Why further research is necessary
Depression comes in many forms. Sometimes it seems to run in families, sometimes not. Sometimes it is chronic, with very few gaps between long periods of harrowing darkness. For others, there are distinct episodes that have a definite start and finish, with periods of feeling well in-between. We need to discover more about these different types of depression, and how mindfulness can help each person, whatever their need.
Only in the last ten years has it become clear how the tragedy of depression starts so early in life. The most common age to experience a first episode is between 13 and 16 years of age. Mindfulness is ideally suited as a preventative approach: anyone can do it, it does not stigmatize those who practice it, children and young people enjoy the meditations, and we know that it improves their well-being. Now we need larger ‘early intervention’ studies to show clearly that the first episode of depression can be prevented.
Sometimes depression is part of bipolar disorder (sometimes called ‘manic depression’). Our research has shown that MBCT can help reduce anxiety and depression in those who suffer from bipolar disorder, and many sufferers have told us how mindfulness practice has helped to stabilize their mood, but we now need to research this systematically. We need a study that uses the latest technology to ask whether and how MBCT reduces the risk of future breakdown. Only then will we and others be able to officially endorse its use for health systems worldwide.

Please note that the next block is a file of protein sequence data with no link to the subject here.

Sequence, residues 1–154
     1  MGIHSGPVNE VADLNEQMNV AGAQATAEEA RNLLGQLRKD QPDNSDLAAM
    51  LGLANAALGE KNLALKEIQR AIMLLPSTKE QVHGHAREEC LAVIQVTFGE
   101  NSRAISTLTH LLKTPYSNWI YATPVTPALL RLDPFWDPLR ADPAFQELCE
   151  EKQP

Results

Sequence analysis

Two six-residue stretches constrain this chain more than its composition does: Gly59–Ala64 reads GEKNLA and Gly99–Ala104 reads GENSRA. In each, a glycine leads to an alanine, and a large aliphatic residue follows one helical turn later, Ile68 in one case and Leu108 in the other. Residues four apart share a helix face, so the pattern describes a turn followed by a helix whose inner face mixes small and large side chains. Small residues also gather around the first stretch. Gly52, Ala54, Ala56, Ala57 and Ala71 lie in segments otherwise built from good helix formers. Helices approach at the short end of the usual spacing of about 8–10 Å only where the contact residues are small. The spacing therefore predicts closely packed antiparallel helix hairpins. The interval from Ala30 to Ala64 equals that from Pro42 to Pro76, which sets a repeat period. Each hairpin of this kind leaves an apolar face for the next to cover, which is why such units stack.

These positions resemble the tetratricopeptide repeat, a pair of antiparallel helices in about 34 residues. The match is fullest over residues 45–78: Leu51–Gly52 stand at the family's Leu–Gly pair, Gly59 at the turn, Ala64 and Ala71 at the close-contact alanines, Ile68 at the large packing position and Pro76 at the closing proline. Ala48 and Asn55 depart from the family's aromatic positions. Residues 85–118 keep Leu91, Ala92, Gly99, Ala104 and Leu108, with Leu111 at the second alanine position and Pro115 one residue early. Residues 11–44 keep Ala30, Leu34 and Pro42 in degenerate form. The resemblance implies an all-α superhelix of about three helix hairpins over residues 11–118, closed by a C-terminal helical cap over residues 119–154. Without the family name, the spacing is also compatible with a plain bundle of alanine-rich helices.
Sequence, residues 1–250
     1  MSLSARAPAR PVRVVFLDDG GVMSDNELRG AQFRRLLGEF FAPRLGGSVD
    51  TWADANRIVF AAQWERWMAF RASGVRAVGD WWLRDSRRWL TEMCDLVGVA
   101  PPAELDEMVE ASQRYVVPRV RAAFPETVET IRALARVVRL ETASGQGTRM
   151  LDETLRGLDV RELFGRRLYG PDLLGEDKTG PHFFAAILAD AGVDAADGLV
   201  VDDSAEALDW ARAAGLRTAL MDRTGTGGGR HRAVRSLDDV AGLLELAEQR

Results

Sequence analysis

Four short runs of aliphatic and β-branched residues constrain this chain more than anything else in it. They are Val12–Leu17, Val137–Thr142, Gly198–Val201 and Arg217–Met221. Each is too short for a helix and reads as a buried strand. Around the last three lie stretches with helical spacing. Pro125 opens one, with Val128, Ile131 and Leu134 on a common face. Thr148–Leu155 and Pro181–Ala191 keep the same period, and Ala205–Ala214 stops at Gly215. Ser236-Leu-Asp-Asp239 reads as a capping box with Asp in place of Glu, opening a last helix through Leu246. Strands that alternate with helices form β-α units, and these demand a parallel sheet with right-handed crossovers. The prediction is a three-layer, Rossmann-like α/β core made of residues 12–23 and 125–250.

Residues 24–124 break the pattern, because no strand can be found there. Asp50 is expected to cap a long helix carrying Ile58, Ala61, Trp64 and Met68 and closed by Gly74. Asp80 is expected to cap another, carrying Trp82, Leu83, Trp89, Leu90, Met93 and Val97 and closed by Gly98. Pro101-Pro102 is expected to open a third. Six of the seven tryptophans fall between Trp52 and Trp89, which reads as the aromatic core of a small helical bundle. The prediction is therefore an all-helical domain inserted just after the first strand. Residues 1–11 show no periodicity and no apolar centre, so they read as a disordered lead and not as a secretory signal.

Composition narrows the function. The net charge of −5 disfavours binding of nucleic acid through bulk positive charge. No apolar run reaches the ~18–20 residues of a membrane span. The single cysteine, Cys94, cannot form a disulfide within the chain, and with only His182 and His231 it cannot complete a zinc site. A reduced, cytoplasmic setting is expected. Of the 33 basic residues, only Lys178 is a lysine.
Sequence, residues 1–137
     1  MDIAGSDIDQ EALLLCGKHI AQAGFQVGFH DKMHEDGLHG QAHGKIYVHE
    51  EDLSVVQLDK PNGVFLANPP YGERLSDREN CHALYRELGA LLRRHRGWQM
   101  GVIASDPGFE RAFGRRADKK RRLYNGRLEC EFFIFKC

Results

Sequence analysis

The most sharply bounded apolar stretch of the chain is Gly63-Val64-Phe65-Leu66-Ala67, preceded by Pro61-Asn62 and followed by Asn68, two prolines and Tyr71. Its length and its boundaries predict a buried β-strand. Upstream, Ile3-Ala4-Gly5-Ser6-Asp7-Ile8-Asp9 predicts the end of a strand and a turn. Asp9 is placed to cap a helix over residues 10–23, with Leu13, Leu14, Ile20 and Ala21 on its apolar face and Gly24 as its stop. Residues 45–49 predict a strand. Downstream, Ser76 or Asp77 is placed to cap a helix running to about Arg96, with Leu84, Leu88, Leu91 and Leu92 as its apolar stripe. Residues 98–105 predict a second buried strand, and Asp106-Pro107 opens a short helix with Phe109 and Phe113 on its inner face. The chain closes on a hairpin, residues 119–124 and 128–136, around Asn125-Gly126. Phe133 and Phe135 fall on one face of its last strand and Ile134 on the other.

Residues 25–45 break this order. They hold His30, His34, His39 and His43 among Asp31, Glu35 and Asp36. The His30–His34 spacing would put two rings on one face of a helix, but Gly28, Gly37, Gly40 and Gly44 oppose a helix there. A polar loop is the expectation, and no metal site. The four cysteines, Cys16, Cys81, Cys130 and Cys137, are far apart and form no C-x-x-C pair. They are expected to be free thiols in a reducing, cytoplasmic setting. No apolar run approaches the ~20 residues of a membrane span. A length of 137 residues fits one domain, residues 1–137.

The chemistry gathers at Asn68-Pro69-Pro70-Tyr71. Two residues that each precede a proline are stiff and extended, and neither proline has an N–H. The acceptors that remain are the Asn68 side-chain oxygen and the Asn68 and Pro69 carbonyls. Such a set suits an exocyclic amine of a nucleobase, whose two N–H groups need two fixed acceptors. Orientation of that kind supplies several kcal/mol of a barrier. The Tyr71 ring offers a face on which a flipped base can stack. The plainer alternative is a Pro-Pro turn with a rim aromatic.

Finally, brain imaging techniques are unveiling the secrets of how different networks in the brain interact with each other when we are sad or happy, when the mind is on autopilot or when it is clear and focussed, and when we are avoiding something or when we are open to it. Knowing that mindfulness is effective for depression is hugely important: using brain imaging techniques together with experimental cognitive science, we can learn how mindfulness has this effect, how it affects different types of depression, and which practices within mindfulness are best for whom. This is a twenty year programme that will change our understanding of depression and its treatment for ever.